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Background photo: Anne Ku at Ilp, May 2001 after an afternoon of swim, sauna, and steam.

Bon Journal

All shook up

It's the third day of the Landmark Education Forum recommended by my friend and ex-colleague. Amazed at his transformation from an already optimistic self, I decided to take this three-and-a-half day personal development course out of curiosity.

On the first day, I was, needless to say, very skeptical. I was late by only a few minutes and the room was already packed with over a hundred strangers. I had trouble understanding the Swiss accent of the coach, who eagerly proclaimed herself to be daughter of a Swiss farmer and a grandmother with step-daughters. Secretly I hoped she was only present for the introductions as I didn't plan to waste my STG 225 on interpreting her English.

After spending two hours explaining what the course was all about, the coach asked us a question which included a word that didn't make any sense to me. She asked us to raise our hands if we were not "enrollable." Now, she had explained what "enrollment" was, but not "enrollable". If enrollment meant "getting it", enrollable would mean "the ability to get it." While I would and could commit myself to whatever it takes to eventually "get it" - I wasn't sure if I had the ability to get it.

On this point, I raised my hand and asked to clarify this point. I asked, "Why didn't you just ask if we were open, willing, and committed to taking this course rather than if we were enrollable?" What I thought was an innocent question turned into a serious debate to which she asked what I did for a living. I said that I had to make sure my readers don't get stuck on a word and that everything is explained clearly.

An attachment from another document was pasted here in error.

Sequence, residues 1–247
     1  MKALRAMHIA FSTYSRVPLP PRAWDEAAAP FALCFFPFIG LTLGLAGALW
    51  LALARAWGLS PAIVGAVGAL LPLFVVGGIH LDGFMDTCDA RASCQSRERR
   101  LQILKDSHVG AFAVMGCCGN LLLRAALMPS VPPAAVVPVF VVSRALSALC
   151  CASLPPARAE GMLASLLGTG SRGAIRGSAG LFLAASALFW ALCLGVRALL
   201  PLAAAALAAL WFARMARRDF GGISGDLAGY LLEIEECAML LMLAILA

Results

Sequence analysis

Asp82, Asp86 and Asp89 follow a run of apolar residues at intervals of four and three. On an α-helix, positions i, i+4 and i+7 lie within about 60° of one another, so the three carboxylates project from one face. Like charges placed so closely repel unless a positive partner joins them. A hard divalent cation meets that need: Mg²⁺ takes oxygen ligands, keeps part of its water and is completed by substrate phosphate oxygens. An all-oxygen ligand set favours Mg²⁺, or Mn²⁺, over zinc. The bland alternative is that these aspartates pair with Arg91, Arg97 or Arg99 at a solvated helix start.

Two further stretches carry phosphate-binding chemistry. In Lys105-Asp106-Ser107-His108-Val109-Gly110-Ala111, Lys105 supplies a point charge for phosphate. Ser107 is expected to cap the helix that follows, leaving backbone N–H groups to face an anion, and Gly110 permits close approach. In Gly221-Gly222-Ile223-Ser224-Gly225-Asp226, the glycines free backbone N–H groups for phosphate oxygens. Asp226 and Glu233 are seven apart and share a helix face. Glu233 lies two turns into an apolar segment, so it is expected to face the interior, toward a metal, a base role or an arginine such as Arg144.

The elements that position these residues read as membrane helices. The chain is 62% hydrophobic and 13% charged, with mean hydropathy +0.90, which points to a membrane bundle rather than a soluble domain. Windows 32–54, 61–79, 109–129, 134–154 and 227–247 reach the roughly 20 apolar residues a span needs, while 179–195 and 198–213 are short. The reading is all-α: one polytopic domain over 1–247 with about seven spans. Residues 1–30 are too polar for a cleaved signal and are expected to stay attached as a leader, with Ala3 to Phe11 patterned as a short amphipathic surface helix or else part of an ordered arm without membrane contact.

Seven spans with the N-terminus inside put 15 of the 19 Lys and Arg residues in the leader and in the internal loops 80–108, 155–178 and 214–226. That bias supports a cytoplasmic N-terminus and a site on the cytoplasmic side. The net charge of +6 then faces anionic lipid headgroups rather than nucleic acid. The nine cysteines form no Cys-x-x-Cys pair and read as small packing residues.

Apparently I came across as a tough cookie, if not a vindictive one. In my retort, I unknowingly revealed the student activist side of me and the quest to prove that I was right.

Ironically, we later spent a good deal of time identifying situations like these, when we wanted to prove we're right but by doing so did not improve our relationships with others. The coach's message was essentially this: if we give up being right, the world will be a better place.

On the second day, my defenses were lowered. What's the point of being right? Like others, I discovered my "inauthenticities" --- stop pretending that you're not pretending. I also saw the need to "complete" relationships.

The authenticities shared by other people blew me away, for what the eyes can't see, the hearts bleed. So much pain and suffering lie beneath the stoic faces!

After I got up and gave my declaration, the coach said, "You have touched, moved, and inspired us." What did I say? I merely discovered the meaning of commitment and the reason why she had to ask us if we were enrollable on the first day. In the process, I learned to respect the coach.

2 March 2003 Sunday

In a sea of 150 strangers,

you can't tell what lies beneath.

Only when they get up to tell their story,

do you realise their pain and suffering.

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Anne Ku
writes about her travels, conversations, thoughts, events, music, and anything else that is interesting enough to fill a web page.